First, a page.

Thousands of developers in Addis Abeba foresee extensions on project completion time by the Addis Ababa City Cabinet, which has been dealing with the issue for two years.

The plots have been leased since 2005 for investments in mixed-use residential apartments.

Developers attribute failure to meet deadlines to soaring construction materials and inputs prices and frequent suspensions on land-related services. They have been lodging complaints to the Land Management & Developement Bureau.

This comes following Mayor Adanech Abiebie's announcement two weeks ago that the City Administration would resume the land lease regime after two years hiatus, making 100 plots available to the market through the auction process.

A law passed in 2004 compels developers to begin projects within two and half years after they were issued construction permits. The duration extends by five years for large-scale and complex constructions. However, a revised law in 2011 brought down the time between two to five years, depending on the size of the projects.

Further details on the deadline extension will be discussed with developers in the coming weeks, disclosed Desta Mergia, director of Land Transfer & Administration.

Biruk Henok is one of the developers who leased a 1,000Sqm plot in Lemi Kura, the new district in the capital composed of vicinities in the Bole and Yeka districts.

He leased the plot through an auction, held before the new city administration took office, for 18,000 Br for a square meter. Progress on constructing a mixed-use apartment was halted for three years after 30pc was completed. Unable to settle his arrears in lease payments, Brook had to wait until the compounded interest died down.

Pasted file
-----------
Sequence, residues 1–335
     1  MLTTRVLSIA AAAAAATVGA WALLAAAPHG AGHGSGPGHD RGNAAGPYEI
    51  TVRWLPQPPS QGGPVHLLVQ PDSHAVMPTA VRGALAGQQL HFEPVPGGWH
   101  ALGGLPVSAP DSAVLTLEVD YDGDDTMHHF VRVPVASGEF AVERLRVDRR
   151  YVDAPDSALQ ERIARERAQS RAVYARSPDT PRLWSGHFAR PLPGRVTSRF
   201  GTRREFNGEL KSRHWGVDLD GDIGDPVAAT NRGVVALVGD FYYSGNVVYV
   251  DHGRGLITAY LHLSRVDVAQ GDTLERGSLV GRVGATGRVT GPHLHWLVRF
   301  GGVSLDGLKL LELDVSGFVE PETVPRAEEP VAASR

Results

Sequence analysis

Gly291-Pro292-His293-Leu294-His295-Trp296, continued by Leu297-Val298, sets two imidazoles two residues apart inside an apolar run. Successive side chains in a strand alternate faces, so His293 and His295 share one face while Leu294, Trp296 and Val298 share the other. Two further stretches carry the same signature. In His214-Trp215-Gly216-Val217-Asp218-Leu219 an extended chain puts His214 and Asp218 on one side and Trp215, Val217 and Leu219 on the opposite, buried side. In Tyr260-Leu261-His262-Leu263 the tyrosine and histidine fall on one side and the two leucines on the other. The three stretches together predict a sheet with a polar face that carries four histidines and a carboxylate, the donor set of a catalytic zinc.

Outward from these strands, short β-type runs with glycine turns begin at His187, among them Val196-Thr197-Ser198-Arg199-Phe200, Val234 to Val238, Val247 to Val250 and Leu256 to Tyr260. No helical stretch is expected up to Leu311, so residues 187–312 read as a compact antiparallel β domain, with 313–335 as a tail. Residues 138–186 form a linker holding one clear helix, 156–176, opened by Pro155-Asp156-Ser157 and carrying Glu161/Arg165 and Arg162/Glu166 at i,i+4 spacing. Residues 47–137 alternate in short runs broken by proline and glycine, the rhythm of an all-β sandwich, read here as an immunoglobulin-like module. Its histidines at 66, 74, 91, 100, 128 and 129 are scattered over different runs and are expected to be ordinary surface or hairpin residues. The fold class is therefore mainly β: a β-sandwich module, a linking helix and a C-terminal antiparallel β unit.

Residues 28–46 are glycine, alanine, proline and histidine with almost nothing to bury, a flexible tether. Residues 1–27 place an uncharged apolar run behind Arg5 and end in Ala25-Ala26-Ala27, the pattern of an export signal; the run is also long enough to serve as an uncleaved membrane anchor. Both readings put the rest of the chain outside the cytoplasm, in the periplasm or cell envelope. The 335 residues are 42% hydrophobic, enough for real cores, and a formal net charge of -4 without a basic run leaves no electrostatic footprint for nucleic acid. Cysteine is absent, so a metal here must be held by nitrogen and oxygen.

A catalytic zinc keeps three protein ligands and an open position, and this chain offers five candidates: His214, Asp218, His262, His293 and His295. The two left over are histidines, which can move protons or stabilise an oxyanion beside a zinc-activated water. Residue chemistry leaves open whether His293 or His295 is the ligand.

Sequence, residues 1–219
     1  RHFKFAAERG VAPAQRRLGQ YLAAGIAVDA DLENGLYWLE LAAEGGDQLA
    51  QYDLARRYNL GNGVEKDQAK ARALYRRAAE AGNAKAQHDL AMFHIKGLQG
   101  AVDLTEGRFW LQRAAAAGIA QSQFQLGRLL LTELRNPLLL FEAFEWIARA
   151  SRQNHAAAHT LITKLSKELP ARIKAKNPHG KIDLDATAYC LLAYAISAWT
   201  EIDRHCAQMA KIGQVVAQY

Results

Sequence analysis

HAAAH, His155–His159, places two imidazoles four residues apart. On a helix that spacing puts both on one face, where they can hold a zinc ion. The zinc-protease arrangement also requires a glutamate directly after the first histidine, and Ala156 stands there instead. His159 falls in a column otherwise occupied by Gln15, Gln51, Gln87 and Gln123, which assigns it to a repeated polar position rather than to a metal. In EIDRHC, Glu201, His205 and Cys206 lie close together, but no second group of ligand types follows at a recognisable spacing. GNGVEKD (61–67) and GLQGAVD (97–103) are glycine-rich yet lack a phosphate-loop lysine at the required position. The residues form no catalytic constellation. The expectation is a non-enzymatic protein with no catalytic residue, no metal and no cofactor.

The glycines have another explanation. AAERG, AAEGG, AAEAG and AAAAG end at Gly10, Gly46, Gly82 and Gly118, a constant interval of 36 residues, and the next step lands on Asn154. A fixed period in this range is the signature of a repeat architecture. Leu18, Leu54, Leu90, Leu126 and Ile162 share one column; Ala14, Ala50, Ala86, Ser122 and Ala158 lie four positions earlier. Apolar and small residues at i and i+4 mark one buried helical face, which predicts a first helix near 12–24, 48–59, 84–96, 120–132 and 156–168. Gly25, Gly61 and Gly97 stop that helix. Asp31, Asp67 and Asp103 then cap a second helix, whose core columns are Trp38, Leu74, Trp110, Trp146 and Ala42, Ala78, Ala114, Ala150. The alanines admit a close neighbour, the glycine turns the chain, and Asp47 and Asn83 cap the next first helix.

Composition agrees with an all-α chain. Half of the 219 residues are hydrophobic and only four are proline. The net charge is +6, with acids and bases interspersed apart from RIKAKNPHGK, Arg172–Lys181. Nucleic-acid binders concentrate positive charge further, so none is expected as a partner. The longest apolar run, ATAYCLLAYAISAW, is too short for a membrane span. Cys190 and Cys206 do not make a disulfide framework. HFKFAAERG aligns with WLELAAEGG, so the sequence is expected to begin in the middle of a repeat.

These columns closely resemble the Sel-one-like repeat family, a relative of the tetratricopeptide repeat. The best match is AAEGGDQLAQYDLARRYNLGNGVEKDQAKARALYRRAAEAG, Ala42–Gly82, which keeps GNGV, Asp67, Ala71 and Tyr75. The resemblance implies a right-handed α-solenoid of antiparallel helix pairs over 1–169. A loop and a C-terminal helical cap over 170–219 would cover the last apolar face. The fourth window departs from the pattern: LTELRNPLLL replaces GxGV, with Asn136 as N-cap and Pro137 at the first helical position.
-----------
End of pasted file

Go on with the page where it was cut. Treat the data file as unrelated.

The City Administration's moratorium on land-related services a year ago was another hurdle for Biruk not to proceed with the construction. The City Administration lowered interest rates for lease payments last year. Desta said developers might be exempted from penalty fees depending on their cases.

"It's better late than never," Biruk told Fortune.

Over 100 developers in the Akaki-Qality District were waiting for further explanation. Many are organised under housing cooperatives to build housing units. The extension could stay for up to nine months, said Addisu Chiquala, Land Transfer & Administration Coordinator in the District,

Addis Abeba Construction Permit & Control Authority is mandated to renew building permits in the capital. It delegates wereda offices to grant construction permits for two-storey buildings while districts are responsible for up to 10-storeys. Under Setotaw Akale, the Authority issued 1,159 construction permits during the first quarter of this year.

Lease agreements are to be renewed with the Land Management Bureaus before developers get the permits, said Setotaw.

A few weeks ago, the Bureau headed by Kenea Yadeta called 76 developers, offering them to explain why they failed to follow through within the period granted.

For legal experts such as Tilahun Gizaw, the problem lies in the lease proclamation. It lacks clarity on construction delays caused by disputes over a right-of-way. Officials at the district level do not settle disputes and claims before transferring plots to the developers.

PUBLISHED ON Nov 19,2022 [ VOL 23 , NO 1177]

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